Naomi was a wife and mother of two sons. She and her family left their home in Bethlehem, Judah to live in Moab. In the land of Moab, Naomi’s sons met and married two Moabite women after their father died. The Moabites were considered to be enemies of the Israelites. Naomi’s daughters-in-law, Ruth and Orpah seemed like remarkable women and they adored Naomi.
Tragedy struck Naomi’s family again when she lost both of her sons ten years after they were married. Now only Naomi and her two daughters-in-law were left. When word came to Naomi that the famine in the land of Judah was over, she decided to leave Moab and return home. Her daughters-in-law begged to go with her but she said to them, “Go, return each to her mother’s house. The LORD deal kindly with you, as you have dealt with the dead and with me. The LORD grant that you may find rest, each in the house of her husband.” She kissed them.
She must have been a wonderful mother-in-law to them because they didn’t want to be separated from her. They wept and said to her, “Surely we will return with you to your people.”
But she shook her head and insisted, “Turn back, my daughters; why will you go with me? Are there still sons in my womb, that they may be your husbands? Turn back, my daughters, go—for I am too old to have a husband. If I should say I have hope, if I should have a husband tonight and should also bear sons, would you wait for them till they were grown? Would you restrain yourselves from having husbands? No, my daughters; for it grieves me very much for your sakes that the hand of the LORD has gone out against me!” They wept again but this time, Orpah kissed her mother-in-law and went away with a heavy heart. But Ruth clung to Naomi.
Naomi tried to talk her into going with Orpah but Ruth refused.
“ Entreat me not to leave you,
Or to turn back from following after you;
For wherever you go, I will go;
And wherever you lodge, I will lodge;
Your people shall be my people,
And your God, my God.
Where you die, I will die,
And there will I be buried.
The LORD do so to me, and more also,
If anything but death parts you and me.”
When Naomi saw how determined Ruth was, she stopped trying to talk her out of going with her and they returned to Judah together.
The people in the community were delighted to see Naomi but still reeling from the losses of her husband and sons, Naomi changed her name to reflect how she felt. “Do not call me Naomi; call me Mara, for the Almighty has dealt very bitterly with me. I went out full, and the LORD has brought me home again empty. Why do you call me Naomi, since the LORD has testified against me, and the Almighty has afflicted me?”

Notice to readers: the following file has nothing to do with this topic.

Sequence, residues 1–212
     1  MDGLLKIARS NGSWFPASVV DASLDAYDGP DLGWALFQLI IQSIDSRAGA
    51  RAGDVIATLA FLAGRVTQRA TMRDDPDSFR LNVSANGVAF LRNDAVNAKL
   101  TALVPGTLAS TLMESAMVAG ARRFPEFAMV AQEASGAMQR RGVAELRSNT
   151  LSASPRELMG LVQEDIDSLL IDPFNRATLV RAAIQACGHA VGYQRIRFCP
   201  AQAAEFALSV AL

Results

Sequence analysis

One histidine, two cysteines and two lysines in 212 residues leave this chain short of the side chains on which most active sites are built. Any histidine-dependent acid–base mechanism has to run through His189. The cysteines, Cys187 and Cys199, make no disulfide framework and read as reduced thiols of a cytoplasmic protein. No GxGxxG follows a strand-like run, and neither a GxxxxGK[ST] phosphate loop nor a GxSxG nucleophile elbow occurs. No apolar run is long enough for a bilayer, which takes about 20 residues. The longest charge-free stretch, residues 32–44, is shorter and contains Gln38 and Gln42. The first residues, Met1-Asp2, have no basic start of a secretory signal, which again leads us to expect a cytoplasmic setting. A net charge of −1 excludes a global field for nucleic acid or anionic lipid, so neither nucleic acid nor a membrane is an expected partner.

Even though Naomi felt that Lord had dealt her a heavy hand of affliction, He was working to restore her faith and joy in her life. Ruth met Boaz and she went to work in his field with Naomi’s encouragement. Boaz was kind to her because he had heard how all she had done for her mother-in-law–the sacrifices she had made for her–coming to a strange land to live among strangers. When Naomi found out that it was Boaz who had been kind to Ruth, she said, “Blessed be he of the LORD, who has not forsaken His kindness to the living and the dead!” And Naomi said to her, “This man is a relation of ours, one of our close relatives.” This wasn’t a coincidence. It was God’s plan. Inevitably the two fell in love and Boaz married Ruth. Ruth gave birth to a baby boy, Obed.
The women said to Naomi, “Blessed be the LORD, who has not left you this day without a close relative; and may his name be famous in Israel! And may he be to you a restorer of life and a nourisher of your old age; for your daughter-in-law, who loves you, who is better to you than seven sons, has borne him.” Then Naomi took the child and laid him on her bosom, and became a nurse to him. Also the neighbor women gave him a name, saying, “There is a son born to Naomi.” And they called his name Obed. He is the father of Jesse, the father of David.
In the story of Naomi and Ruth, we see that God allows some tragedies to take place. Naomi lost her husband and sons but God blessed her with a loving and faithful and dutiful daughter-in-law who was willing to give up her life and home for a woman she had grown to love as a mother. Naomi’s love and devotion to Ruth was rewarded. She lived to see Ruth marry her husband’s relative and bear a son who would be the grandfather of Israel’s most beloved king–David.
Naomi saw that the God whom she thought had dealt bitterly with her had not left her without a close relative. He had blessed her with a new family and she was a grandmother for the first time. Her faith was restored and she was Naomi (“my delight”) again.